The number of sweets that kids, and adults, might eat this Halloween could do some hefty damage to their teeth.
But according to some experts, it's not only how much candy you eat, but how often.
"It's unrealistic that kids will never eat candy on Halloween," said Dr. Dan Shaw, who teaches pediatric dentistry at the University of Minnesota. "So limiting the frequency is the most important thing."
Shaw suggested only eating sweets at certain times.
"Try to have a specified time of day to eat sweets, rather than having [kids] eat sweets throughout the day," he said. For example, parents might offer their kids a treat after dinner, and then have them brush their teeth before going to bed, he said.
Sugar can damage tooth enamel over time
Nearly 1 in 5 kids ages 2 to 19 have untreated cavities, according to the Centers for Disease Control and Prevention. And an untreated cavity could lead to a tooth abscess, a collection of pus caused by a bacterial infection in the center of a tooth.
Sweet treats can also hurt the enamel, or outer covering of your teeth, said Dr. Joanna Douglass, a pediatric dentistry researcher at the University of Connecticut School of Dental Medicine. "And that kind of damage is permanent."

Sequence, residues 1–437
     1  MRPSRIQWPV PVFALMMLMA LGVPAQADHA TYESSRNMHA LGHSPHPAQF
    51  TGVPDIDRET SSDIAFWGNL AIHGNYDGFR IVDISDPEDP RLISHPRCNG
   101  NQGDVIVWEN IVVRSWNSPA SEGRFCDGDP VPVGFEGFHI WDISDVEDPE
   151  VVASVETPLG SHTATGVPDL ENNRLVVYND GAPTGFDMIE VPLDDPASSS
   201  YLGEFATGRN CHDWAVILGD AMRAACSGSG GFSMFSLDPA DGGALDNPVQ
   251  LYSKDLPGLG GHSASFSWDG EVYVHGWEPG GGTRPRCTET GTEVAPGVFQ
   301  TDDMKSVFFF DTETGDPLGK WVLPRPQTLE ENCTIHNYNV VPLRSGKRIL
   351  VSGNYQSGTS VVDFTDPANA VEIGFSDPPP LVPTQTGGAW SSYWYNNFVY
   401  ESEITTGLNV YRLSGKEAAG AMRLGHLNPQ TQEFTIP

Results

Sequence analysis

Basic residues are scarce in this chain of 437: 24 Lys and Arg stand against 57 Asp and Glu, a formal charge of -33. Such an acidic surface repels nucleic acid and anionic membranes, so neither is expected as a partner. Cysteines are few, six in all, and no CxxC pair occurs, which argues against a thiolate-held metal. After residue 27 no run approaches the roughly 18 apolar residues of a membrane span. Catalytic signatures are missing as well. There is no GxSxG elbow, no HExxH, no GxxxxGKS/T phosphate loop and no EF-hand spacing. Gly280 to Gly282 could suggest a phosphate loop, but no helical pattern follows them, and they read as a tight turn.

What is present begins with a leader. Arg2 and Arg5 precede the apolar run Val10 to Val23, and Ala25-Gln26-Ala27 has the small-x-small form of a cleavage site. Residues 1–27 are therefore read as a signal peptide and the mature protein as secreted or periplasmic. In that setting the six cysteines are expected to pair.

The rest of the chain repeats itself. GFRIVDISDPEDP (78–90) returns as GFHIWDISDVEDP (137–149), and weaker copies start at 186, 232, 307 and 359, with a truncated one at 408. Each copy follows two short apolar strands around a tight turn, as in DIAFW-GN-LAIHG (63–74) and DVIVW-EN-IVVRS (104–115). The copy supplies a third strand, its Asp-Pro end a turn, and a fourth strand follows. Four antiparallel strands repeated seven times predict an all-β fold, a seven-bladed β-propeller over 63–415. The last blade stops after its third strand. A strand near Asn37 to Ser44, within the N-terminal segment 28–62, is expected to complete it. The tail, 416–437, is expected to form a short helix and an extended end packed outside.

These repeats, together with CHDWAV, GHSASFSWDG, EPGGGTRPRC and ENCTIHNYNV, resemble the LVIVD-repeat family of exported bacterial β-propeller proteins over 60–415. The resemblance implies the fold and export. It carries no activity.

When you eat or drink foods containing sugars, a sticky film of bacteria called plaque, which constantly forms on teeth, produces acids that attack tooth enamel. Over time, this acid causes calcium to leech out of the tooth enamel, eventually breaking down the enamel so cavities can form as bacteria enter the center of the tooth. Infection may even spread from the root of the tooth to the bones supporting the tooth.
Worst candies for teeth
Certain types of candy are worse for teeth than others.
"Any food that sticks to your teeth can be more cavity causing," Shaw said. "Something gooey like caramel would be more cavity causing than a pure chocolate bar."
Hard candy, which can stay in the mouth for a long time, can also be worse. "It allows the acid production to last longer in your mouth," he said.
But Douglass said the kind of candy you eat may matter less than the total amount of sugar in you eat. "The more sugar you have in your diet, the more bacteria you have in your mouth," she said.
Eating sugar-free candy could have the opposite effect, she said. "From a tooth standpoint, sugar-free may actually help protect your teeth."
Sugar-free foods don’t foster the growth of bacteria in the mouth like sugars do, so acid isn’t produced that damages tooth enamel.
But a 2011 study published in the British Dental Journal suggested that, over time, additives found in sugar-free food and drinks increase the risk of tooth erosion.
"The bottom line is, make sure your kids aren't snacking on sweets continuously," Douglass said. "This kind of wear and tear can lead to other serious problems and needs to be avoided."
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